Language planning consists of corpus planning and status planning. Many post-colonial nations have undertaken some sort of language planning to ensure their national or official language is capable of meeting the challenges of the modern world. Malaysia is no exception. It has taken many steps to plan its national language, Malay, since independence. This paper attempts to look at these steps and fit them in Haugen’s Revised Model for language planning. Using this model it was discovered that Malay went through the stages of Selection, Codification, Implementation and Elaboration since independence in 1957 until today but in no certain order. Language planning for Malay was not done in vacuum but was responsive to the political, economic and social climate of the nation as seen in the two phases of Nationalism and Pragmatism. Malaysia has also had to make concessions for English to access knowledge and to connect with the world. This calls for rethinking the roles of both Malay and English in Malaysia so both languages are used for the nation’s benefit.

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Acquisition of grammar through comprehensible input versus explicit instruction

Volume 2 issue 2 - April 2008 - PP. 249-256 Download Free PDF

R. Joseph Ponniah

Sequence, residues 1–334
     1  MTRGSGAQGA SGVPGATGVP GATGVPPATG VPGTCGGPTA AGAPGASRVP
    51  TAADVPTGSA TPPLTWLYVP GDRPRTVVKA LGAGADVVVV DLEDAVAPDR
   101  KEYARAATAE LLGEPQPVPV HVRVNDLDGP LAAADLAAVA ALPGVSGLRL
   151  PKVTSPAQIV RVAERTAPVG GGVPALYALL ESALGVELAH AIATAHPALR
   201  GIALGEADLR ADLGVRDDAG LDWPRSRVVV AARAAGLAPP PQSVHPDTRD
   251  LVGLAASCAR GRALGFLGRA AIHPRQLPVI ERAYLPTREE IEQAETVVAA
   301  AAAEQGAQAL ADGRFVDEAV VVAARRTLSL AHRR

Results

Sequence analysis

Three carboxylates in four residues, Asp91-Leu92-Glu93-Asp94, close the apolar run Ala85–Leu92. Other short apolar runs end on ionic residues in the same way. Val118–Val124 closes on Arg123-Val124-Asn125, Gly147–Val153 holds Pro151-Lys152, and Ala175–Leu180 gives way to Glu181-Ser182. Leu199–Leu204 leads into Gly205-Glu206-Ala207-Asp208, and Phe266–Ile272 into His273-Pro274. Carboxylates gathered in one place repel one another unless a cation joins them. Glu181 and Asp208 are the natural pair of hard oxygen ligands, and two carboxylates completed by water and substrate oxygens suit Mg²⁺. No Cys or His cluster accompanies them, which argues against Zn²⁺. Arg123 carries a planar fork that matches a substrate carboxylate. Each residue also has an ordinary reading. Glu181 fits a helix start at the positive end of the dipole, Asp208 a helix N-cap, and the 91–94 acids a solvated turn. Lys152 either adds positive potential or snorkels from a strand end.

This paper examines the significance of acquired grammar through comprehensible input and the value of learned grammar through explicit instruction. Acquisition of grammar through listening and reading will enable learners to apply it intuitively in the actual language use without paying conscious attention to forms of the language. Learning grammar through explicit instruction will take up massive amounts of students’ time and mental energy and they may not be able to apply the learned rules in the actual performance. The data, collected through a test on grammar and through discussions, revealed that performance of the learners in the test was on a par with their exposure to aural and written input and their acquired competence. Therefore, it is suggested that if the time spend on learning conscious rules is used for acquiring language through input, learners can acquire a great deal of language and they can incidentally acquire grammar while they are exposed to repetitive comprehensible input.